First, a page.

Recently I met with the Transport Minister and Transport Scotland where I once again called for the re-introduction of Levenmouth Rail Link.
I’ve been campaigning for its re-introduction since I was first elected in 2007 and was pleased that my lobbying resulted in it being included in Scottish Labour’s manifesto ahead of last year’s election.
However there is still much work to be done and recently I also took part in a local conference with Levenmouth Rail Campaign, Fife Council and opposition politicians, which you can read about on Fife Today.
I look forward to working together as we continue to campaign for its re-introduction.
Following the appointment of Humza Yousaf MSP as the Scottish Government’s new Transport Minister I have written requesting a meeting to discuss the reintroduction of the Levenmouth rail link.
In my letter I highlighted that Levenmouth is the largest conurbation in Scotland that is not currently serviced by a rail link and outlined the benefits it would bring to commuters and employers such Diageo and Fife Energy Park.
During the recent Scottish Parliament election, I stood on a pledge of the re-introduction of the rail link and successfully lobbied to have it included in my party’s manifesto.
Despite the election result I am still committed to pushing for its reintroduction due to the clear benefits it would bring to the area. Continue reading →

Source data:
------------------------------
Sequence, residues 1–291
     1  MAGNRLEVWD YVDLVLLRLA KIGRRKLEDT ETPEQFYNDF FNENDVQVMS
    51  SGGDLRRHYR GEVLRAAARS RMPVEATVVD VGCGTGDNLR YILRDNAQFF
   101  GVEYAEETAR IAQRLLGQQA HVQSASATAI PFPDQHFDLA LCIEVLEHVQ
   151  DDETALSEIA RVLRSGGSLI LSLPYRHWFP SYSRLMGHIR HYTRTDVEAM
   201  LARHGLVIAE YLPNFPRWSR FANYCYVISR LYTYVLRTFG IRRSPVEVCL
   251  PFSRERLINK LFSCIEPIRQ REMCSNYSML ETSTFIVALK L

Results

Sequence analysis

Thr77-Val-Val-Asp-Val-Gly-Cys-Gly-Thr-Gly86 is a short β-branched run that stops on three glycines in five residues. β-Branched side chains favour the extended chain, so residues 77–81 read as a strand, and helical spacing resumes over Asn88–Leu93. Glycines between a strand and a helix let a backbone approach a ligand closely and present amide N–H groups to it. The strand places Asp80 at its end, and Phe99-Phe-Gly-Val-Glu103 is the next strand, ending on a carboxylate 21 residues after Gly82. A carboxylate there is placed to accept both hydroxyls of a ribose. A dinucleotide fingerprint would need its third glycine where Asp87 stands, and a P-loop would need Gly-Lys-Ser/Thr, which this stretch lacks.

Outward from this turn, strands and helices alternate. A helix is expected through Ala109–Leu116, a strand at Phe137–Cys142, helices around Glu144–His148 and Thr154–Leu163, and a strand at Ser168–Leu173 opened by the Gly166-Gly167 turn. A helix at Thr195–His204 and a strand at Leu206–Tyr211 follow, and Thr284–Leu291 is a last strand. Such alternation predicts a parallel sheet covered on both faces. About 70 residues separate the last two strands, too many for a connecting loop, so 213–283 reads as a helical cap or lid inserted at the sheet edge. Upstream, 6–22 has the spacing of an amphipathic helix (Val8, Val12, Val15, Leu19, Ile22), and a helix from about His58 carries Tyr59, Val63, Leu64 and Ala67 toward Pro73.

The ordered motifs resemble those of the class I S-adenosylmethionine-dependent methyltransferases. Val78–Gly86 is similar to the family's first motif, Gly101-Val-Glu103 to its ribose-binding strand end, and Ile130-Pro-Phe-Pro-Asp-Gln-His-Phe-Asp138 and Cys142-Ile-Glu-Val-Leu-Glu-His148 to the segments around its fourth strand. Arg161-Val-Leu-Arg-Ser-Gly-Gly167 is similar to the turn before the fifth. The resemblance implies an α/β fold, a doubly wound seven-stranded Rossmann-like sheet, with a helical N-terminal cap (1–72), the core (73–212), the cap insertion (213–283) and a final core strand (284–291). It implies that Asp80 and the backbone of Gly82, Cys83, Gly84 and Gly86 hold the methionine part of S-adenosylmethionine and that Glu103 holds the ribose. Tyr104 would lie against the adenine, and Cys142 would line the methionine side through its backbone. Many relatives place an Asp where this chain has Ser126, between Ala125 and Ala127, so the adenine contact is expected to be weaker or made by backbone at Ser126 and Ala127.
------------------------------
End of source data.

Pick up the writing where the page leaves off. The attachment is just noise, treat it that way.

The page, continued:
During Portfolio Questions in the Scottish Parliament I raised the issue of housing and its impact on the successful delivery of integrated health and social care in Fife.
Fife Council has invested significantly in affordable housing and this is to be welcomed. It is also important that if we are to ensure that a joined-up social care agenda is to work that we need suitable retirement housing for those that may require a care package.
For this to be achieved local governments throughout Scotland will need support from the Scottish Government to deliver integrated social care and healthcare. It is important that the Scottish Government are working across portfolio briefs to ensure this can be delivered.
Last week I backed a new campaign for a fairer deal for Scotland’s private renters. Shelter Scotland’s “Make Renting Right” campaign has called to reform the sector to make it work for both the people who live in rented housing, and landlords who let out their properties.
The campaign has 5 key aims, calling for a private rented sector that has; stability, flexibility, a modern tenancy, a fair system and predictability.
The campaign follows warnings from Professor David Bell of the University of Stirling that young people faced a choice between living in “increasingly expensive private rented accommodation, which limits their ability to save, or to remain living with parents.” Continue reading →
Recently I met with the Care Inspectorate in the Scottish Parliament to discuss care issues across the Kingdom. The Inspectorate is the official body responsible for inspecting standards of care in Scotland.
Over 14,000 care services are registered with the Care Inspectorate, including care homes, childminders, day care centres and support services which includes care at home. The inspection regime looks at quality of care and support, staffing and management and leadership.
Recent figures from the Inspectorate have found that across Scotland the number of care homes with unsatisfactory or weak grades has increased. However, services in Fife have improved, with now over 95% achieving grades of adequate or better.